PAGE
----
By: Katelyn Six, Section Editor for Bloc[k] Beat (email@example.com)
To be or not to be…educated – that is the question. With high unemployment rates and even higher tuition costs, the question on the minds of many millennials is this: is attending a four-year university still the best choice in the long run?
The debate rages on, divided between two schools of thought: those who are pro-college and those who are not. With tuition rates through the roof and an increasingly competitive job market with low-paying prospects, it is no wonder a number of recent high school graduates are opting out of the four-year university path.
Progressively, more and more young adults are choosing to pursue apprenticeships with the hope of obtaining employment in the trades immediately upon program and vocation school completion. John Dodson, UTI-Mooresville at NASCAR Technical Institute community and NASCAR team relations director, concedes that vocational schools get a bad rap because they are seen as “a lesser option than universities, a place where those who can’t get into a ‘real’ college end up.” However, he goes on to debunk this negative stigma, explaining that his students are “incredibly bright and would succeed in a traditional environment; however, they are passionate about career fields that we offer the world’s best training for.”
Nevertheless, the allure of a four-year degree appears to be alive and well today, as many students feel attending college is not a choice, but rather a requirement. Even after a quick Craigslist perusal, it is pretty clear that employers are seeking workers who possess, at minimum, a bachelor’s degree. The LA Times confesses that, in the work force, a resume with at least a four-year degree is not just valued, but necessary, even for administrative and clerical jobs.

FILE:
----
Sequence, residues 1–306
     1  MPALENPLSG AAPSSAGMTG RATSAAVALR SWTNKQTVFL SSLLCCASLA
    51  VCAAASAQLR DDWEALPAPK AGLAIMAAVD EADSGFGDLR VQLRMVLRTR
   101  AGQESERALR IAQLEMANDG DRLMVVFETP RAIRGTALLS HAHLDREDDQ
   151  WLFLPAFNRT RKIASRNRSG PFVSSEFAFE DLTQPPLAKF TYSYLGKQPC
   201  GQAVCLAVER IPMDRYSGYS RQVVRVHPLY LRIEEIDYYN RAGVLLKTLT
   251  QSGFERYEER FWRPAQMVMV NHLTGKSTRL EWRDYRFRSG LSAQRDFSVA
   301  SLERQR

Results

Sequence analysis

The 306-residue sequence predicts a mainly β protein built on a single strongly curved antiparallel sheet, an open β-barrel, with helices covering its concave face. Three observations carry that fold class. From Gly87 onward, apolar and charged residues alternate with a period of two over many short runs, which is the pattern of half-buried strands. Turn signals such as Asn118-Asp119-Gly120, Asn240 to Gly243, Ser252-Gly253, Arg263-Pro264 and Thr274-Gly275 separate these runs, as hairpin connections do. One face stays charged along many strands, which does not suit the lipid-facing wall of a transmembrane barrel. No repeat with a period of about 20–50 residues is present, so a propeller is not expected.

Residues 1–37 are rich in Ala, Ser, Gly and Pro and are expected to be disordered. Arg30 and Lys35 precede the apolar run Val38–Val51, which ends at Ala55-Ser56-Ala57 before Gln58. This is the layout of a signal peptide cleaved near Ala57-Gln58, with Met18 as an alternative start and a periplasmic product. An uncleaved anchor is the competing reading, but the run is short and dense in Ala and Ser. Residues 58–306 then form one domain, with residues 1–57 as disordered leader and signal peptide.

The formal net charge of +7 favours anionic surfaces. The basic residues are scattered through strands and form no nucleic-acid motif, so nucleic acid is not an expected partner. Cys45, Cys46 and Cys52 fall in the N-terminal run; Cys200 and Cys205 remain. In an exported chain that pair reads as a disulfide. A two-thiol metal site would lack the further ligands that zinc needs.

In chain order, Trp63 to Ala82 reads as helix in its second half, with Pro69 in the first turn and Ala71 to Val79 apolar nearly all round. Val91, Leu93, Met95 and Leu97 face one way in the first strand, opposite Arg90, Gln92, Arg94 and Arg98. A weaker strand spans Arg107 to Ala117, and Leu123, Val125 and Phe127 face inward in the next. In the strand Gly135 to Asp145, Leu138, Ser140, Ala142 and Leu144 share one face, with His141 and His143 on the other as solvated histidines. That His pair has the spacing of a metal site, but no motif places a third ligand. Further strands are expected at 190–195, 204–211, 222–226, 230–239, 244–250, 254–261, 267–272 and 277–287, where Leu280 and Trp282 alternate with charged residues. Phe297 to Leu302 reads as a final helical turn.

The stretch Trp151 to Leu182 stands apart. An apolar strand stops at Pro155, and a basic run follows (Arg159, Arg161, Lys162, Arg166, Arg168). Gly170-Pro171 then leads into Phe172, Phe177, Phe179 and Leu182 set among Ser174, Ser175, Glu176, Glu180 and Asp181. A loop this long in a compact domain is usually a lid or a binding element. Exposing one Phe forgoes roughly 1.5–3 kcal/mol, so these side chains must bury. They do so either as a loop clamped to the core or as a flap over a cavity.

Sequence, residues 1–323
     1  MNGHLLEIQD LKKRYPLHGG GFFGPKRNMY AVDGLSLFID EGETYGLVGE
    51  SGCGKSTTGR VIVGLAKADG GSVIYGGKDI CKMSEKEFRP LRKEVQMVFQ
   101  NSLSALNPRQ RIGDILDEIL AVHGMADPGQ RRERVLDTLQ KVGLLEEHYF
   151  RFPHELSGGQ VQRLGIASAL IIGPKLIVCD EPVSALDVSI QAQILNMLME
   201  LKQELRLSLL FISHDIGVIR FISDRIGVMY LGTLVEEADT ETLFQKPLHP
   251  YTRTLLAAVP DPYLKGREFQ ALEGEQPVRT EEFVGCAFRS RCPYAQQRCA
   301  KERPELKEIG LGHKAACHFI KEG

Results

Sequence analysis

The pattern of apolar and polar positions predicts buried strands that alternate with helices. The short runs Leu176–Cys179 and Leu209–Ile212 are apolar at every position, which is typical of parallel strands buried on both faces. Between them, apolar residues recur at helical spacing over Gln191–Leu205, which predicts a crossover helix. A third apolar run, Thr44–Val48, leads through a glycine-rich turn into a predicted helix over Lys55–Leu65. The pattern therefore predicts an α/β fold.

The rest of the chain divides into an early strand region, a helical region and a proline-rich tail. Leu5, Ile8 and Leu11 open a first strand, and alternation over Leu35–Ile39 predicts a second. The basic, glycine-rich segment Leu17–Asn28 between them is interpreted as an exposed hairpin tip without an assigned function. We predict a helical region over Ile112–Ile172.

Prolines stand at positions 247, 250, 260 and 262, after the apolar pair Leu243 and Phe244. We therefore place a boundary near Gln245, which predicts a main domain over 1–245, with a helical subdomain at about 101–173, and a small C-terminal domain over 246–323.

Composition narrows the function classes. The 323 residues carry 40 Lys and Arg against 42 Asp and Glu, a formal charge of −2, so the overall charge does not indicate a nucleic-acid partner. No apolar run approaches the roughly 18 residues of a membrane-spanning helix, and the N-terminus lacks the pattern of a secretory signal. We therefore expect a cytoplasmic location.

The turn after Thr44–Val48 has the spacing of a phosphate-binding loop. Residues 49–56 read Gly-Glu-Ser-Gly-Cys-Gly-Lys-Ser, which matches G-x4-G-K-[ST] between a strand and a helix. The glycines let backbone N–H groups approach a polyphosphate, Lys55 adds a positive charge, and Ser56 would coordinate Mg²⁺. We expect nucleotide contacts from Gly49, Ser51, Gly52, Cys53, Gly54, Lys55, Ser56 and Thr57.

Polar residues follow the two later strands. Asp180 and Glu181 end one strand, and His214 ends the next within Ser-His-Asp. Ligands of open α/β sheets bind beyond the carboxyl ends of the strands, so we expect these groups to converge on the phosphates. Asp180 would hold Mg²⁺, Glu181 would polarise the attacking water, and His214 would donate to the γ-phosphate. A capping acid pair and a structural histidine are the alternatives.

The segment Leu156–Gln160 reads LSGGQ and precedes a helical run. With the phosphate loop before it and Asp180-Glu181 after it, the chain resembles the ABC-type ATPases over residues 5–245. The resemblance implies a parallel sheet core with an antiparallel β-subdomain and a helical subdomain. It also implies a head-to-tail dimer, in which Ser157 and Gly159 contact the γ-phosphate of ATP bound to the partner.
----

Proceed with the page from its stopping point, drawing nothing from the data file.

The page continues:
According to Business Insider, college graduates between the ages of 25 and 32 have average yearly incomes that are $17,500 more than people who hold only high school diplomas. What’s more, Reporter Alison Griswold believes the four-year university track is still the best route to take for young adults. In the article “Here’s Why A College Degree Is Still Worth Its Price Tag,” Griswold reveals that people who hold at least a bachelor’s degree are “significantly less likely to be unemployed, with a 3.8% unemployment rate versus a 21.8% rate for high school grads.”
Regardless of which way you slice it, the college education cake seems to be a bubbling bed of controversy for the millennial generation. Is a four-year degree absolutely imperative to attaining employment? Of course not. But, is it still highly valuable? Without a doubt. So the bottom line message here remains: Kids, stay in school.